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Paycheck Protection
Basics

“Paycheck Protection” is an effort to undermine labor’s political clout by dramatically limiting the ability of labor unions to collect (and spend) union dues for any broadly defined “political” purpose. As it stands, labor’s political spending is already sharply constrained: The Taft-Hartley Act (1947) prohibits direct spending on federal candidates or campaigns. The Federal Election Campaign Act (1971) allowed labor unions to create political action committees (PACs), but also required them to fund PACs with voluntary, non-dues contributions. A string of Supreme Court cases (covering railway workers [1961], public sector workers [1977], and private sector workers [1988]) gave non-members covered by union contracts (many of whom pay reduced “agency fees” dues for representation) the right to opt out of political spending. In 2007, the court upheld a Washington State law which took this one step further by requiring public sector worker to “opt-in” to any political spending. In recent years, “paycheck protection’’ proposals—drafted, funded, and promoted by right-wing groups—have pressed to embed this in state law (see “Current” tab for details).

Current

Paycheck deception laws and proposals vary somewhat in approach:  Those targeting public sector unions and their members include not just “paycheck protection” efforts to segregate and limit political spending but more sweeping efforts (as in Wisconsin) to end all automatic dues deduction. Those targeting private sector workers (often dubbed “the voluntary contribution act”) force unions to manage political spending through voluntary contributions to a separate account. As of last fall, six states hade some form of “paycheck protection” in place: Washington, Michigan, Wyoming, Idaho, Utah, and Ohio. Despite a concerted effort by ALEC and others to push model legislation in this area after the 2010 elections, new laws passed only in Alabama (covering public sector workers) and Arizona (covering all workers).

 

 

FAQ

Shouldn’t political contributions by voluntary?

Yes, of course. But organizations take political positions on behalf of their members all the time.  Paycheck protection singles out unions and union members for burdensome restrictions that don’t apply to the shareholders of corporations or the members of other organizations (like the NRA or the AARP). Indeed, of all these groups, unions already offer extensive protection of individual rights: Union members choose whether to join the union, set their own dues, elect their own leaders and vote on where and how their money will be spent. Because paycheck protection targets only unions, its real impact (and intent) is to further skew political spending (in which corporate interest outspend unions almost 20-1).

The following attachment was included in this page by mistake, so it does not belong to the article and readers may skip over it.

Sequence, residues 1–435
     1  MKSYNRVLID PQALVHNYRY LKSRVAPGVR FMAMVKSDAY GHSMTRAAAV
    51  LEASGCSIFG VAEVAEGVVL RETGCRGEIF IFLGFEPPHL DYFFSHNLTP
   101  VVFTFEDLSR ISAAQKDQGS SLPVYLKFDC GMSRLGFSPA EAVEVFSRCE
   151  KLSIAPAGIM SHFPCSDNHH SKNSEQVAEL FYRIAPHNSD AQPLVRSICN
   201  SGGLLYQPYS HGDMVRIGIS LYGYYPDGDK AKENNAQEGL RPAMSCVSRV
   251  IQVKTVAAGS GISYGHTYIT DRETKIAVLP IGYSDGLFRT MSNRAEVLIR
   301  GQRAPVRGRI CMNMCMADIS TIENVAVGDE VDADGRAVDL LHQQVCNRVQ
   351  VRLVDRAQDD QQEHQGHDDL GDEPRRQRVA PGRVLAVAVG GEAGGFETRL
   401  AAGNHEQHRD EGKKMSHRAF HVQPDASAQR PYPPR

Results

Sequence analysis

Can’t unions separate their bargaining and political activities?

Not really.  While proponents of paycheck protection like to portray union dues as little more than a Democratic slush fund, they are actually targeting the labor movement’s broader political influence—as a voice for working families, as an advocate for decent working conditions.  Union participation in campaigns and elections is well-regulated by existing law.  These laws seek to silence working women and men and their unions.

 

Learn More

The AFL-CIO’s “States of Denial” project tracks recent state efforts to enact paycheck protection; ballot measures are tracked by Ballotpedia.  The web resource “ALEC Exposed” has the text of various model bills pressed by the right wing group. For a concise summary of the goal of paycheck protection laws, from the beginnings of the right’s campaign in the late 1990s, see Robert Dreyfuss, “Paycheck Protection Racket,” Mother Jones (1998).

 

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